Katherine Grainger’s hopes of fifth Olympics hang by thread

Katherine Grainger, left, and Vicky Thornley will discover their Olympic fate today. Picture: Philipp Schmidli/Getty Images
Katherine Grainger, left, and Vicky Thornley will discover their Olympic fate today. Picture: Philipp Schmidli/Getty Images
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London 2012 was not short of feelgood stories for Team GB but few were as heartwarming as Katherine Grainger finally winning gold after silver at her three previous Olympics.

However, the Scottish rower’s hopes of making a historic fifth straight Games in Rio are in serious doubt after she failed to qualify for the women’s eight in a Team GB race off. Grainger, who won double sculls gold with Anna Watkins in London, had initially been aiming for a crack at the same event with new partner Vicky Thornley but that was abandoned after they failed to make the podium at the European championships and the pair instead tried to get into the eight – both narrowly missing out.

Now the duo and British rowing management must decide if they resurrect their double sculls bid.

The failure to make the eight is a blow to 40-year-old Grainger, who along with swimmer Rebecca Adlington, is Britain’s joint most decorated female Olympian. It also a blow to Thornley, 28, who was in the women’s eight in 2012 and is considered one of the country’s most gifted rowers.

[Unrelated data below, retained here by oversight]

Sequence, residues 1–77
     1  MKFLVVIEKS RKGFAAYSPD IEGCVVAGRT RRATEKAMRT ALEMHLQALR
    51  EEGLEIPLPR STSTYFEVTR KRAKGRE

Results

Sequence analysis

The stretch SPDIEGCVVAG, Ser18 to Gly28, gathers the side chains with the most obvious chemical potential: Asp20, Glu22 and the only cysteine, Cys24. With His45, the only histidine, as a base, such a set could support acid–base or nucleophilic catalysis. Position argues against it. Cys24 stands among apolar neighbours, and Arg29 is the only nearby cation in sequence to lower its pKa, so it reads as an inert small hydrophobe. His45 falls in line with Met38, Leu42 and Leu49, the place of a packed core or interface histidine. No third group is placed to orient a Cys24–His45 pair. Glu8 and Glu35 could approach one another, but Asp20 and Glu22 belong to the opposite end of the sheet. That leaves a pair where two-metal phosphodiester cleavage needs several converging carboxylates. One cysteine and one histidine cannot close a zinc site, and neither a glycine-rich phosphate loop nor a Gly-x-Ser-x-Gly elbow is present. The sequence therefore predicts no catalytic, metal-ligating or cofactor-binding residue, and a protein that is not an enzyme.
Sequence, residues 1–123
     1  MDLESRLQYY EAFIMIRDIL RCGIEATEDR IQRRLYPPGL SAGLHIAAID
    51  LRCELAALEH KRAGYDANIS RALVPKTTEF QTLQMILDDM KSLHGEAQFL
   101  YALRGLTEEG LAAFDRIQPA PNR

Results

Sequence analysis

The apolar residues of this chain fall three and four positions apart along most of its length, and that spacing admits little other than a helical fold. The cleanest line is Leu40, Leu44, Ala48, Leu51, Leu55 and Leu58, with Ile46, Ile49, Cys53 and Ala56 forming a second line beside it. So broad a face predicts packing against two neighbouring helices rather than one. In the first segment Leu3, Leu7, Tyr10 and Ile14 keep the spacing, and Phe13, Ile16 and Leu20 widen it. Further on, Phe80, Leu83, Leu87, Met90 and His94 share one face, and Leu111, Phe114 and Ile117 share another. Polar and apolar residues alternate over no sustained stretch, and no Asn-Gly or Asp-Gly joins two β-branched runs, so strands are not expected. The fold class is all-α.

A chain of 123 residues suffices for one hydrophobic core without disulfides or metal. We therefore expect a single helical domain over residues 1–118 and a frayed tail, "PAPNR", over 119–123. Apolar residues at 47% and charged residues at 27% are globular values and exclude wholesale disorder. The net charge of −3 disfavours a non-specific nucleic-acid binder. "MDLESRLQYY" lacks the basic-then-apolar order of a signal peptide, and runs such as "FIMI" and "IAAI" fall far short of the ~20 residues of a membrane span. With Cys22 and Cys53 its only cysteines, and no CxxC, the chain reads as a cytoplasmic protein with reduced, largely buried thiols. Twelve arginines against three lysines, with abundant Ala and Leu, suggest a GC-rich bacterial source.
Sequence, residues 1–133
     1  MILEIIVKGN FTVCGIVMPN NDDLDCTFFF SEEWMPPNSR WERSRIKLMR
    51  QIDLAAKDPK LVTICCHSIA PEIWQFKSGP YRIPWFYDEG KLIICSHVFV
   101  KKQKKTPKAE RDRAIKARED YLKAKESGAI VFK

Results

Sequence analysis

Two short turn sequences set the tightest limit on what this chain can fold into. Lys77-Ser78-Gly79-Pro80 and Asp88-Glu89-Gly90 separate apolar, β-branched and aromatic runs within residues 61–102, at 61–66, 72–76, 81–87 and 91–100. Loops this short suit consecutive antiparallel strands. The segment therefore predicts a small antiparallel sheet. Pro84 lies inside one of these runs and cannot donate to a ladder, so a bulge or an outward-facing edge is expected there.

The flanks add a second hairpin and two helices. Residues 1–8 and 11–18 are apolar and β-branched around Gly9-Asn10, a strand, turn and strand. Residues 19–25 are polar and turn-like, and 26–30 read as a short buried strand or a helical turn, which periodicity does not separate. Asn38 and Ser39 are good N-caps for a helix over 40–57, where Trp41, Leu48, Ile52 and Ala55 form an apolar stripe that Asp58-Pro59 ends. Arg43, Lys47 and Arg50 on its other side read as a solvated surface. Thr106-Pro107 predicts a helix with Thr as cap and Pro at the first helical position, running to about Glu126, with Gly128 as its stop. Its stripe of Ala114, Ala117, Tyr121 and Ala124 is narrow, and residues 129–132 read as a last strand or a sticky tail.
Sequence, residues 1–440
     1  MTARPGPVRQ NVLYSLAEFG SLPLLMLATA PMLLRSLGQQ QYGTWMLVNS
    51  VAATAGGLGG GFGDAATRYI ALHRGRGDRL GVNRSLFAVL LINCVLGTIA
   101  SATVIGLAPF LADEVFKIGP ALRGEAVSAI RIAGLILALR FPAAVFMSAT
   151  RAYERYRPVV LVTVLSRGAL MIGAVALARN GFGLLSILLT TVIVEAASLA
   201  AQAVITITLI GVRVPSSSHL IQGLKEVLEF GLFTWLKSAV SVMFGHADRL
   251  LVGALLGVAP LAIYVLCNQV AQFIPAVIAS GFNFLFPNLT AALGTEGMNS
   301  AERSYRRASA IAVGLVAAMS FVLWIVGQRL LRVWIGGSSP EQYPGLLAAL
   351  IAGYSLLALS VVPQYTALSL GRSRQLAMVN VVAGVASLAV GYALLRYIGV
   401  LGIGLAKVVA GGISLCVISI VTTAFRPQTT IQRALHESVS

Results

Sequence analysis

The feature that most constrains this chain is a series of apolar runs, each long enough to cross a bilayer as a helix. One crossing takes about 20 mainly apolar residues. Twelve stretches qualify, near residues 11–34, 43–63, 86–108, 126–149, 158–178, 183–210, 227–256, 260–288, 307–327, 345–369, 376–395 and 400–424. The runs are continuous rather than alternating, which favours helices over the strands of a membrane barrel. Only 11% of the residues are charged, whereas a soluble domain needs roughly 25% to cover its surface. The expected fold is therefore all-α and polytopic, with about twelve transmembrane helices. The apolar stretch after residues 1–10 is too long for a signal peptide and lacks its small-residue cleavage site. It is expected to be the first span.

The 6ft 4in former model first teamed up with Grainger when Watkins took time off to have a baby.

The new mother returned after three years in a bid to reignite the golden London partnership for Rio but soon concedeed she was unable to reach the required level, leading to a reboot of the Grainger-Thornely pairing.

The GB squad will be announced today and a British Rowing statement said: “Whilst we had not lost confidence in Vicky Thornley and Katherine Grainger and felt they were still a potential medal boat, they asked to be considered instead for
 selection to the women’s eight, which is already a proven medal winning combination.

“We opened up a process and gave them the opportunity. They have not been successful and we are now looking at next steps in a selection process which is on-going.”